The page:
Sebastian Vettel believes Ferrari has "the right people" to succeed in F1 after tech upheaval
Sebastian Vettel may have signed for a Ferrari team led by Luca di Montezemolo and Marco Mattiacci with James Allison in charge of the technical de...
Sebastian Vettel may have signed for a Ferrari team led by Luca di Montezemolo and Marco Mattiacci with James Allison in charge of the technical department and all have now departed. But four time world champion believes that the team has the right people to succeed in F1.
Admitting during the FIA press conference in Germany that 47 year old Mattia Binotto coming in to replace Allison as "a big change", Vettel said "We have the right people on board. Things are heading in the right direction."
But Vettel did want not go into details about his thoughts and would not be drawn to say more about the personalitries involved. He did reaiterate his belief that Ferrari president Sergio Marchionne has the team's best interests at heart with the pressure he puts on them and that Maurizio Arrivabene is the right man to lead the team as principal.
"There has been a lot in the press, especially about our president and what he expects from us," Vettel said.
"It is good to see he is involved and is pushing the team very hard. He spends a lot of time in Maranello and knows what he is taking about.
"Maurizio has been in the business a long time. He is our leader and we are happy he is with us."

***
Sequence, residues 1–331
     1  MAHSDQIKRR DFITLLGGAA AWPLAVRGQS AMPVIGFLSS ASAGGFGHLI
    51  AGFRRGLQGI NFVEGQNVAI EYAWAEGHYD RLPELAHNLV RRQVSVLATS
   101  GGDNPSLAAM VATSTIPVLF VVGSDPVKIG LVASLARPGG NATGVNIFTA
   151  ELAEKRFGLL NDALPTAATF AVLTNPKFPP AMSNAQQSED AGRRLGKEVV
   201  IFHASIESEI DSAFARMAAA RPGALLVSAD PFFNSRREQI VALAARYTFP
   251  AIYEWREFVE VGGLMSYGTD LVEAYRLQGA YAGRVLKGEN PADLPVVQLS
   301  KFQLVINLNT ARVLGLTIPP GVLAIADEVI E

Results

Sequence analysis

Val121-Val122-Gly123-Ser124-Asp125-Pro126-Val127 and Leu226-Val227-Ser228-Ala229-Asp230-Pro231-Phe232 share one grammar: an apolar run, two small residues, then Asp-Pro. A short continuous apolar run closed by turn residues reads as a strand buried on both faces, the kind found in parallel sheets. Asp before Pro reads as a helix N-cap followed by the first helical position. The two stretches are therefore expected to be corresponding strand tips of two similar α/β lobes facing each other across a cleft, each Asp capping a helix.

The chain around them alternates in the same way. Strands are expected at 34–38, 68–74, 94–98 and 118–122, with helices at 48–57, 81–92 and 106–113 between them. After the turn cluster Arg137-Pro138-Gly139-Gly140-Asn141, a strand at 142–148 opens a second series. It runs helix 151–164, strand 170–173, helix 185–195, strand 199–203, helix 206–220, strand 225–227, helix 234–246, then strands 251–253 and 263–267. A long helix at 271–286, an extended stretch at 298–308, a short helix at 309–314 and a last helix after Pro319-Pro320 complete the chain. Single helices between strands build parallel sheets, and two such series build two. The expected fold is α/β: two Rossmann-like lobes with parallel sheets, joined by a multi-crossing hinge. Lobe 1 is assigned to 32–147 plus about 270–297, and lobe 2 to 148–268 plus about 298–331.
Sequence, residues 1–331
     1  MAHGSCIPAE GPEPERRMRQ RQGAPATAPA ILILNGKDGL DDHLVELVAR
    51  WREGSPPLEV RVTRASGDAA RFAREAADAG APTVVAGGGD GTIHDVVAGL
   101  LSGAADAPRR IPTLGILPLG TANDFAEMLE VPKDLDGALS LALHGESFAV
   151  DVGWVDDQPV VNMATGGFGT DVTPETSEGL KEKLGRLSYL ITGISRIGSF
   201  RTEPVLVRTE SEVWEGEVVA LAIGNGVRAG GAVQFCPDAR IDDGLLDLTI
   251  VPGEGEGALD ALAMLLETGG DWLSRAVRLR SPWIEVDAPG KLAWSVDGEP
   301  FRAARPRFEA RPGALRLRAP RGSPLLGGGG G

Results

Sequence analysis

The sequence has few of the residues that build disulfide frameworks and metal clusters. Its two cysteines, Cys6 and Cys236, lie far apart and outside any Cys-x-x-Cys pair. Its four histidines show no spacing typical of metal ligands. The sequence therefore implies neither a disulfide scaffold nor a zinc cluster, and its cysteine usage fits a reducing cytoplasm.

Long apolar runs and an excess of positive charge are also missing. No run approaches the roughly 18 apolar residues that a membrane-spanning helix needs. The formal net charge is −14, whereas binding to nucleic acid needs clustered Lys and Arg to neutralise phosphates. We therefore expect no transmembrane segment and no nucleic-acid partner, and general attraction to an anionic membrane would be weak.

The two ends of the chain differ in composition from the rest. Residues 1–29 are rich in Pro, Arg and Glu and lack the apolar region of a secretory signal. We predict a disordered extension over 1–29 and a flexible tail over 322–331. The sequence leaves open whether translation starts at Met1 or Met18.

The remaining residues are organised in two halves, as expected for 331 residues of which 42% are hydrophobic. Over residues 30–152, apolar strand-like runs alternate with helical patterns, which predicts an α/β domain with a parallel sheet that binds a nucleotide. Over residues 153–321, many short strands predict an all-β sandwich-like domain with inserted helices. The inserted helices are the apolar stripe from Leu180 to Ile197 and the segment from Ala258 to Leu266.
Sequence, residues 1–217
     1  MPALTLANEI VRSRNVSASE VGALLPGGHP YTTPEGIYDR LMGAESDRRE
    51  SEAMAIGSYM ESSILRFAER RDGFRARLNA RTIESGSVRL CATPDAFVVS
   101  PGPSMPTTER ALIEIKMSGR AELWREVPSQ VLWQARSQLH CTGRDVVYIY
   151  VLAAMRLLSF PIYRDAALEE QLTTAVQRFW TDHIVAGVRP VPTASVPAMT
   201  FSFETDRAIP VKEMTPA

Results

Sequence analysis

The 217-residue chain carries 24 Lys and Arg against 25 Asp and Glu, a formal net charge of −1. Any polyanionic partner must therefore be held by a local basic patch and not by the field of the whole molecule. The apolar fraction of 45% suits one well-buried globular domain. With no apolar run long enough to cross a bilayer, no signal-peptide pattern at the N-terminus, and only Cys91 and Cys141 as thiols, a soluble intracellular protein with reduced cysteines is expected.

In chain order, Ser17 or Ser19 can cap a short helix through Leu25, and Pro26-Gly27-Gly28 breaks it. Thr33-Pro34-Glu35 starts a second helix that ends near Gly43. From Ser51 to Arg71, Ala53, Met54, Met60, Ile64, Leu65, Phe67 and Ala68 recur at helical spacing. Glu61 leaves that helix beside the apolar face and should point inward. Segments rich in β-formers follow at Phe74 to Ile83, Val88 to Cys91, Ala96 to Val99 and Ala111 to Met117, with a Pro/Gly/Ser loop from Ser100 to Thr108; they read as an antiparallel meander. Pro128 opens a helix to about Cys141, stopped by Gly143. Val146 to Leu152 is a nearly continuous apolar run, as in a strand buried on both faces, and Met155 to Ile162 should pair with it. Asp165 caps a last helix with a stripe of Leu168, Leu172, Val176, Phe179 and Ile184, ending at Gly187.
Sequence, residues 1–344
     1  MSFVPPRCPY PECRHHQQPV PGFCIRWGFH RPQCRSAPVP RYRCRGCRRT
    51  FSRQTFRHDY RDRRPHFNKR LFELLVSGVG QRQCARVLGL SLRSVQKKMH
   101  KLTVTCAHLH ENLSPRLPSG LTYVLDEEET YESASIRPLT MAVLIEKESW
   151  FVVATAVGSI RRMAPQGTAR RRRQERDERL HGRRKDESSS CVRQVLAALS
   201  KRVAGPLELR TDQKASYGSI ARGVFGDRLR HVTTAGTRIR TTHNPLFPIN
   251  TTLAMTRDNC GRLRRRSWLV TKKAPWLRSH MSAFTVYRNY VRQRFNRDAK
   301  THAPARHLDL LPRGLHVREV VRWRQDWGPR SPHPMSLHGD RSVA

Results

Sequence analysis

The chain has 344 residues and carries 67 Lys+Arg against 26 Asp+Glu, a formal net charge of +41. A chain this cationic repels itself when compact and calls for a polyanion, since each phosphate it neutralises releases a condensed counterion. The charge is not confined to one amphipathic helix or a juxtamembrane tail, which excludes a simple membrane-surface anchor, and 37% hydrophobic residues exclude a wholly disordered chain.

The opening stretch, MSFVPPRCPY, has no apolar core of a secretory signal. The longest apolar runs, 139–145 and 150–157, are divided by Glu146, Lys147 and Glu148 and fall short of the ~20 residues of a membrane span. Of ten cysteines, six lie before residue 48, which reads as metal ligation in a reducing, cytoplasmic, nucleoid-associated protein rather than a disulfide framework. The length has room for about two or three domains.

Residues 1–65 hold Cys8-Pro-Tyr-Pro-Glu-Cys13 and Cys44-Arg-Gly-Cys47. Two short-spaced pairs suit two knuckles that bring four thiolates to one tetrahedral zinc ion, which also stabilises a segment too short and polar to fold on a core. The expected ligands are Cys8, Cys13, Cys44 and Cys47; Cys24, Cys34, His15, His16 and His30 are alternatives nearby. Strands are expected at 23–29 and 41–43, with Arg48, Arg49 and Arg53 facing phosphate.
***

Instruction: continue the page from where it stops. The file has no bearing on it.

As more details emerge in the Hockenheim paddock around Allison's departure, it is odd that Binotto is not here this weekend and therefore will not be facing the media in Friday's press conference. The Friday conference this week features technical chiefs and instead operations chief Jock Clear will speak on Ferrari's behalf about his new boss and the departure of Allison.
As we posted yesterday Allison's family situation had a big influence on the developments at Ferrari; after his wife's tragic death in March he needed to dedicate time to his family and that was not compatible with the efforts needed to improve Ferrari's pace. He was not present in Silverstone when the team struggled, despite being at home in Oxfordshire a few miles away, according to Gazzetta dello Sport and there was unhappineness when he would not permit any decisions to be made on the chassis during his absence on compassionate leave in the UK.
There was clearly a difference of opinions bewteen Marchionne and Allison and only one outcome on the cards for the last few weeks, despite denials by Arrivabene.
Paddock opinoon is divided on whether Binotto is the long term solution as techncial director. Paddy Lowe is a target and rumours always swirl around Ross Brawn being reunited with the team he led technically during the unbeatable Schumacher years.
But Brawn, who will be 62 in November, has moved on in many ways since then and so has F1, since he stepped down as team principal at Mercedes three years ago. Interestingly and no doubt co-incidentally, he was on a flight from London to Frankfurt this morning, spotted by some members of the F1 media, who were heading to Hockenheim.
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